Sources of PFAS are incredibly varied and encompass many of the facilities in which the AEC industry works. Sites should be evaluated for emerging contaminant potential prior to property transfer and subsequent redevelopment. Already over 30 states have PFAS policies of some sort in place, which is predictive of the eventual federal outcome.

This is just one group of emerging contaminants, and there are certainly others out there, including but not limited to 1,2,3-trichloropropane, 1,4-dioxane, 2,4,6-trinitrotoluene, dinitrotoluene, hexahydro-1.3.5-trinitro-1,3,5-triazine, and numerous others, including vapor intrusion, which is being investigated as an emerging contaminant (even though it’s really an exposure pathway for various volatile chemicals, and not a specific chemical). But PFAS are by far the most ubiquitous and lasting in the environment, and the most likely to have wide-ranging health effects due to their high rate of use, and their pervasiveness.

The most immediate impacts, of course, will be to assess and address groundwaters and surface waters sources for potable water uses, as well as to address wastewater treatment.  Both issues have some extremely wide-ranging implications, and it doesn’t stop at finding an unimpacted source of drinking water or designing a wastewater treatment plant to remediate for PFAS. For example, once you determine your existing source is contaminated, then not only is there the issue of finding a new water source, but also the issue of identifying the responsible party. This leads to the issue of investigating, delineating, and remediating the contaminated groundwater. With a re-designed wastewater treatment plant, there will be PFAS-contaminated byproducts that will need proper disposal. And so far, we’ve only talked about water and wastewater. Think about the environmental fate and potential remediation implications of PFAS in soil, in sediment, in landfills, and even as a contaminant in air.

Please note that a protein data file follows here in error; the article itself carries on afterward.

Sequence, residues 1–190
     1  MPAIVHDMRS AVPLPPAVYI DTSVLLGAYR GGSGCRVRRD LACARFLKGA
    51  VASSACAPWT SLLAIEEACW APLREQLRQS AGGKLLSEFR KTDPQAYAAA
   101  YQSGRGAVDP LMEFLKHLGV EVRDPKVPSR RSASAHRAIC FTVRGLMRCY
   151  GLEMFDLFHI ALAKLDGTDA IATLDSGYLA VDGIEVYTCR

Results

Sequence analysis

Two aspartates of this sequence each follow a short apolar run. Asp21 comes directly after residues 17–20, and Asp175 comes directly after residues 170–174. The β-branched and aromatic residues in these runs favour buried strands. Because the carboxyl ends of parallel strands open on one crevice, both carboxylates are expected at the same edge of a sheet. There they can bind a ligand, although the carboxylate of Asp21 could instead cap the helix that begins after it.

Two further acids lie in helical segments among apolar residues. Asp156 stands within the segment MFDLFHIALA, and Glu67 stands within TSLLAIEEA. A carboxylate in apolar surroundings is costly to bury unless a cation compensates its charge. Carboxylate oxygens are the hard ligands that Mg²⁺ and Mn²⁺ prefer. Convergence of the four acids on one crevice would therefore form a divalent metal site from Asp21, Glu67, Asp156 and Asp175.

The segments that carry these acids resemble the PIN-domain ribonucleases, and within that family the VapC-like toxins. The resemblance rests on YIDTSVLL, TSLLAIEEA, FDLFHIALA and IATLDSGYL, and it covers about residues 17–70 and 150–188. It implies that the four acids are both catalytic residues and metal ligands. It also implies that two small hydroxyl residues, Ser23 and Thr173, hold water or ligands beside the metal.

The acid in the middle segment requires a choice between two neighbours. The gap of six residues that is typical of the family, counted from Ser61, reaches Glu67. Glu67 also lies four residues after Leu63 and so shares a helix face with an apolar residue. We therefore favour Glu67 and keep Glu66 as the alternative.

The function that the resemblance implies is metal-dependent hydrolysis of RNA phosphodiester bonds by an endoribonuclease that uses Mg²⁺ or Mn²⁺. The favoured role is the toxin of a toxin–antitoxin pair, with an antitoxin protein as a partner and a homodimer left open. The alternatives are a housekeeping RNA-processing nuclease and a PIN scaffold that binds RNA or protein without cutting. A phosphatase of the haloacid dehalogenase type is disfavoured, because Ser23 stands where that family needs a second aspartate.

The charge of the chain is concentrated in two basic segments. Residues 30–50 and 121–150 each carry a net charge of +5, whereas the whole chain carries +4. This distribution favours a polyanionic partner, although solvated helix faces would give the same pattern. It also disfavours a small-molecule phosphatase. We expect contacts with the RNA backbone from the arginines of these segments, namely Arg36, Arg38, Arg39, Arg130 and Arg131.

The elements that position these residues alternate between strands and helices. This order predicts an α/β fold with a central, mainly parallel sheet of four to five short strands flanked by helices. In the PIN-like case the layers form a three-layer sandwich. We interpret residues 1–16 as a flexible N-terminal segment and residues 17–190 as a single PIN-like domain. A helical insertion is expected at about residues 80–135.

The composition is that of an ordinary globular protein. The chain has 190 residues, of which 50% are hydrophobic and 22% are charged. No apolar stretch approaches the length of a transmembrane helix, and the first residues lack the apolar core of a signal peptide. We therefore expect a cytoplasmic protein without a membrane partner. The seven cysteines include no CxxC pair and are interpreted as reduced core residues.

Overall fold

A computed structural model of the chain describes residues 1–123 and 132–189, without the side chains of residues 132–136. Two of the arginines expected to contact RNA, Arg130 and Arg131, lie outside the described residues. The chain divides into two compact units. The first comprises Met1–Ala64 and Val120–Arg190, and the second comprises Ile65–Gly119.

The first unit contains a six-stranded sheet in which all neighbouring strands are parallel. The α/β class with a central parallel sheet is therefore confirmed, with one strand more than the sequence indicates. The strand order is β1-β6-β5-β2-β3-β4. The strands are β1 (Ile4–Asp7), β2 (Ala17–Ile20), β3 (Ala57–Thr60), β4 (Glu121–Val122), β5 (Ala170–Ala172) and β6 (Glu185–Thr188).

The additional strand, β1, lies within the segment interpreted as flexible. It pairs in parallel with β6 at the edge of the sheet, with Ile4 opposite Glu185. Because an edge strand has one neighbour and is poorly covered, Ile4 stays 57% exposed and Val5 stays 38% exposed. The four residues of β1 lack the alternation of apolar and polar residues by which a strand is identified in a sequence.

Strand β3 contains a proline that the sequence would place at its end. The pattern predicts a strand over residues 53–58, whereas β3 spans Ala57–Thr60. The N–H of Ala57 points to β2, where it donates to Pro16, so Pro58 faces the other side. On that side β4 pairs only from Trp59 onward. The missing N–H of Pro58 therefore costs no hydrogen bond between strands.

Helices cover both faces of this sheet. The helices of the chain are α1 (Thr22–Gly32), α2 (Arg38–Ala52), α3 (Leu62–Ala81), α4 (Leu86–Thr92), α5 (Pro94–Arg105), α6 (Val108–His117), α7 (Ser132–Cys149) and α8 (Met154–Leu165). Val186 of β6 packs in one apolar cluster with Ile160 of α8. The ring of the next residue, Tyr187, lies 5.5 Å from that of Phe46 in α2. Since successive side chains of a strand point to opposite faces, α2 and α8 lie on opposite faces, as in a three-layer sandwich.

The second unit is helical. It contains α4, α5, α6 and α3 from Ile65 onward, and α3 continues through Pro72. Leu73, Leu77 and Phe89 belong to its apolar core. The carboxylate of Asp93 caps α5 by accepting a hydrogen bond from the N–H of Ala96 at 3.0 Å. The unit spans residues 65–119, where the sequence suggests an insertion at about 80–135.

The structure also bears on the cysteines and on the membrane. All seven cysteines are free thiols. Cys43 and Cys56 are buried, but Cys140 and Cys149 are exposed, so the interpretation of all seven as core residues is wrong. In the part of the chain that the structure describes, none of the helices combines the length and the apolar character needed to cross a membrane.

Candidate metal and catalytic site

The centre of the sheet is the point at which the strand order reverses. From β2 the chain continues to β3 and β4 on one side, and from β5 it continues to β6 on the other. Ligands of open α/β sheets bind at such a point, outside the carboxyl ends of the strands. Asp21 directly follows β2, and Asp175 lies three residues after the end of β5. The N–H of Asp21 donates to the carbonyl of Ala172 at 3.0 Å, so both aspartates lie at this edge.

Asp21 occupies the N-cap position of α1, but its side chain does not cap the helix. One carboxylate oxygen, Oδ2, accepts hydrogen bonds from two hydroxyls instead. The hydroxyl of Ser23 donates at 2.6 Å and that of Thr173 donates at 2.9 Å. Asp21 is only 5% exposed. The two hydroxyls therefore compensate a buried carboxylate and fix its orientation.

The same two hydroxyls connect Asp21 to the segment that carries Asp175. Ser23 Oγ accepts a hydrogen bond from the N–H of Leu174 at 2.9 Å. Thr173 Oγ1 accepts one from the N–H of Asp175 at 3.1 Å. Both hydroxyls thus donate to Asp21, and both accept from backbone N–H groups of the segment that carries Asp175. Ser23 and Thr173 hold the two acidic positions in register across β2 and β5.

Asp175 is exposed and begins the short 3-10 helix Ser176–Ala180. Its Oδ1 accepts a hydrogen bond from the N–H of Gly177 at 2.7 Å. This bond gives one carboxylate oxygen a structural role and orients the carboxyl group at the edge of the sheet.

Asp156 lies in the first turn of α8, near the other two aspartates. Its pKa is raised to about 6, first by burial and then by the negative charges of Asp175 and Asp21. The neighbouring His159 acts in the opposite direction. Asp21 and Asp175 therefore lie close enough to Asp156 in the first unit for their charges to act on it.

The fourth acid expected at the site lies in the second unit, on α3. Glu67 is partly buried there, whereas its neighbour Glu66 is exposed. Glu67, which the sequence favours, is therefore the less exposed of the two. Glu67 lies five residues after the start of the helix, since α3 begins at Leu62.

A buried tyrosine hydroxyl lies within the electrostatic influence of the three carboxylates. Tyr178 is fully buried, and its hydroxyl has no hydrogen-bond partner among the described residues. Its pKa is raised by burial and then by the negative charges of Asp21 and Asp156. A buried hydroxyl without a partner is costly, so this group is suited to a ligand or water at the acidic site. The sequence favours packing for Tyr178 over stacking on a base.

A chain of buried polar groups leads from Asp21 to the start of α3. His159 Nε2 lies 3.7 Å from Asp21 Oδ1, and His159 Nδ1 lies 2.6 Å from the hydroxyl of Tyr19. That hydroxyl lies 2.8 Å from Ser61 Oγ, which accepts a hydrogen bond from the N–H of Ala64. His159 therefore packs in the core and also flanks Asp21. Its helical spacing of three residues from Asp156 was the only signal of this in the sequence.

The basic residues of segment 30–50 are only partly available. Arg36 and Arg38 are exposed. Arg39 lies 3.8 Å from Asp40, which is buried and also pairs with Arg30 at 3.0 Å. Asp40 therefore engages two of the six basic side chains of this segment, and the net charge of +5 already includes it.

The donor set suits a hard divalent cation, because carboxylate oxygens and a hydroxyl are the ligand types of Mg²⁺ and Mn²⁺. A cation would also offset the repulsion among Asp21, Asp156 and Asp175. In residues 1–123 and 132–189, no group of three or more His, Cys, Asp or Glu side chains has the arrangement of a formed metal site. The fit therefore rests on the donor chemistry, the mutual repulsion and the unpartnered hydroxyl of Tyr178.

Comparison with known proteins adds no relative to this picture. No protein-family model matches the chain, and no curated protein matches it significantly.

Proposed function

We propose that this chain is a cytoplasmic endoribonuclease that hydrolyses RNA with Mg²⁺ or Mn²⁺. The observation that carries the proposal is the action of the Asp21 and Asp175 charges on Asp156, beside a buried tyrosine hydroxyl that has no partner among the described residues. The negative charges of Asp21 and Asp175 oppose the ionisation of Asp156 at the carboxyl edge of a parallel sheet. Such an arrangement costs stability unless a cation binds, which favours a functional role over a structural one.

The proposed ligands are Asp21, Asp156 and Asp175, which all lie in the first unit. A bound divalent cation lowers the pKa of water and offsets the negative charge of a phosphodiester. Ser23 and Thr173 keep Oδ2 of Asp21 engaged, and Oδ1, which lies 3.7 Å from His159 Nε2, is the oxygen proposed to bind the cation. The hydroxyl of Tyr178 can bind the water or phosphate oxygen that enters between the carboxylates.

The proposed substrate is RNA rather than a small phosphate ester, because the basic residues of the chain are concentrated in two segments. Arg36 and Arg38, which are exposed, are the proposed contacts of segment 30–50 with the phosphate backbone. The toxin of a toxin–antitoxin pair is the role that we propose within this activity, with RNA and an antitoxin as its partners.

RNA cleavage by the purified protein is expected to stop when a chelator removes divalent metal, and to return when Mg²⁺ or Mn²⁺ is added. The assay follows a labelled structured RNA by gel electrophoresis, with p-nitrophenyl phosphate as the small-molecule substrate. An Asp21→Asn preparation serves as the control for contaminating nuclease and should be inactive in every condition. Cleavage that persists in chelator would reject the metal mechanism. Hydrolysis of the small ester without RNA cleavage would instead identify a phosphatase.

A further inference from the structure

Remediation effort costs can range into the millions. For the AEC industry, our involvement in development projects, if there is environmental due diligence, should include attention to this issue. Environmental risk is always manageable to some degree with careful, up-front due diligence – these steps are normally taken in a Phase I Environmental Site Assessment, which is an extremely commoditized task in the AEC industry, so much so that they are sometimes conducted and produced using software. The more commoditized it has become, the more it becomes a sort of “check-the-box” mentality. AEC and our clients have a lot of challenges ahead of us with PFAS regulatory changes likely to be in the not-so-distant future. In addition, strategic market research may also be warranted for your firm to assess the potential business aspects – what clients are we currently serving that may be impacted, and not only how will it affect them and our operations. As a highly innovative industry full of brilliant people, we are up to the challenge – as consultants we can take action now to educate ourselves and our clients, and position both parties for the best possible outcome.

Stephanie Warino is a Strategic Planning Advisor at Zweig Group.  She can be reached at